The business entity definition is an organization founded by one or more natural persons to facilitate specific business activities or to allow its owners to engage in a trade.

What Is a Business Entity?

Business entities are organizations formed by one or more persons. Since they are formed at the state level, they must comply with state laws. In most states, a business owner is required to file documents with a particular state agency, like the office of the Secretary of State, in order to legally set up their business.

Types of business entities include:

  • Sole Proprietorships
  • Partnerships
  • Corporations
  • Limited liability companies (LLCs)
  • Limited liability partnerships

A sole proprietorship is the easiest type of business entity to set up because it doesn't require any legal forms. However, since there is one owner, that person is legally liable for any damages related to their business activity.

A partnership is a business entity that involves two or more individuals. Like a sole proprietorship, a partnership can be formed without paperwork.

Of course, a corporation is the most popular type of business entity. That's because its owners are protected by limited liability.

What Are 'Disregarded' Business Entities?

Business entities are often subject to taxation, so the business owners must file a tax return for those businesses.

Often, the owner of a single-member limited liability company or a sole proprietorship only needs to file a single tax return. In this case, the business entity and the count as one and the same. Also, the IRS "disregards" those business entities because the owner only needs to report their personal income and deductions. When the business owner files their taxes, they will report their business expenses and income on a Schedule C form along with their personal Form 1040.

Alternatively, a one-member business could be treated as a separate entity. If the owner of the business chooses to go that route, they will have to fill out a Form 8832 to declare an Entity Classification Election and file the form with the IRS. Unless the owner of the sole proprietorship or single-person LLC files the Form 8832 for their business, that business entity will fall into the default classification of a disregarded entity.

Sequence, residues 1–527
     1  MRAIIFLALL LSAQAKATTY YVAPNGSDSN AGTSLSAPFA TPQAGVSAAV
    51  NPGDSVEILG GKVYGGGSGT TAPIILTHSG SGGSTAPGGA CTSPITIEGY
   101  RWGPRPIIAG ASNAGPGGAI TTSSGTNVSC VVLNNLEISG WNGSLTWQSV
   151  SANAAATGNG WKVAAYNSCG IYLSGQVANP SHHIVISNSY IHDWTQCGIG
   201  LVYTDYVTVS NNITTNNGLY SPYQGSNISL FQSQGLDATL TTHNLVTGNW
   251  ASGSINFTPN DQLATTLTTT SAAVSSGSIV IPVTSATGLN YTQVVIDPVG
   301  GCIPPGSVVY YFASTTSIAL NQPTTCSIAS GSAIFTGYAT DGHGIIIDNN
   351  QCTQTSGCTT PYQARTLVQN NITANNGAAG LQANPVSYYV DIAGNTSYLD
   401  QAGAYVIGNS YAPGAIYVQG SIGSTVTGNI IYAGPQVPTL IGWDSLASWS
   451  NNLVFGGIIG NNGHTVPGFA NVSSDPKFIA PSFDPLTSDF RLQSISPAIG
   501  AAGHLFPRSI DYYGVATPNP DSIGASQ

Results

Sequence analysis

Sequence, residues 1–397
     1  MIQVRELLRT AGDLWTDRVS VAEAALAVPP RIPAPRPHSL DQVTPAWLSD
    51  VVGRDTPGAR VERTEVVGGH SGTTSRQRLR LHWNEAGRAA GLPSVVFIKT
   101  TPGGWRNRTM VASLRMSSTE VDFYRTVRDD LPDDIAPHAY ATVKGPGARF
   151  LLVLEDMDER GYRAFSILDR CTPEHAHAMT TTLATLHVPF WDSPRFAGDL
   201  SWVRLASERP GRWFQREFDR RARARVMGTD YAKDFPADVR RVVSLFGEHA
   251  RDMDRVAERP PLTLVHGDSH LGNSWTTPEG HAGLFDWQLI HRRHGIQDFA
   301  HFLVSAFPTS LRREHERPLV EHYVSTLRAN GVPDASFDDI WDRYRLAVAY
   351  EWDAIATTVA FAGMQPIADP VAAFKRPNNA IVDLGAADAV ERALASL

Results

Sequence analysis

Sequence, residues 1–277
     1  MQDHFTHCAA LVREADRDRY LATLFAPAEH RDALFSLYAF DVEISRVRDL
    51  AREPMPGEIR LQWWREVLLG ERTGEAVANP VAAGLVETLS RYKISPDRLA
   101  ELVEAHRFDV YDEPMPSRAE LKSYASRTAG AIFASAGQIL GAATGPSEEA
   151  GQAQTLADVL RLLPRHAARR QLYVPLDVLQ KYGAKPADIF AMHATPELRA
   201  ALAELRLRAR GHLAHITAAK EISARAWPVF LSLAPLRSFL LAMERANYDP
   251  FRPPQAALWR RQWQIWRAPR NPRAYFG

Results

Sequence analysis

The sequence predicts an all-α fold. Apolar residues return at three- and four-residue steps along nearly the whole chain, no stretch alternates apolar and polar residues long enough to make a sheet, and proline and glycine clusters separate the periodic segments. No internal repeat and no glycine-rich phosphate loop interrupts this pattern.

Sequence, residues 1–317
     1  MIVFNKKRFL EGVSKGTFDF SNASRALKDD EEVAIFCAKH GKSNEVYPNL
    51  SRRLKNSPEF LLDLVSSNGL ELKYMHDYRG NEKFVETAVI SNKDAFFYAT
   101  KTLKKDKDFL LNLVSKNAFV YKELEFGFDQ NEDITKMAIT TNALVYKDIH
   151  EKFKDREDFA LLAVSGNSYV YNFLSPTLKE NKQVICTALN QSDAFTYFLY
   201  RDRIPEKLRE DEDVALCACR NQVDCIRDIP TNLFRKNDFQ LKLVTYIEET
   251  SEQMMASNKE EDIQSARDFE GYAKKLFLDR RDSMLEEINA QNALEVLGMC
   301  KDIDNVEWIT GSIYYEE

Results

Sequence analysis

What Is the Business Entity Concept for Accounting?

According to the business entity concept — also known as the separate entity or economic entity concept — financial transactions that happen in a business should be kept separate from those of the business's owners or any other business. That means when money moves in or out of that business, those transactions should be kept in their own set of accounting records. Business owners can apply the business entity concept to any type of business to make accounting much easier.

For example, if you loan money to your own company, that counts as one of your business's liabilities because you would need to pay yourself back. Also, if you have a business credit card, make sure you don't use a personal credit card for your business. If you use your personal credit card for your business, that will be counted as a loan or additional capital.

Why Is the Business Entity Concept of Accounting So Important?

There are six reasons why the business entity concept is the preferred type of accounting setup for business organizations. Consider:

  1. When the accounting records of a particular business are kept separate, business owners can compare that business's profitability, et al to other businesses they own. If the business entity's accounting records include financial information about the business's owners or other businesses, it will be hard to keep track of the finances for each business in question.
  2. Business owners can measure one business's finances against the finances of any other business during a certain time period.
  3. Business owners who use this concept can compare their business' finances to other businesses in their industry.
  4. It will be much simpler to keep track of a business's records and audit them.
  5. Each business entity a person owns will be taxed separately.
  6. If the business needs to be liquidated, having separate financial records for the business allows its various owners to determine how they will be compensated.

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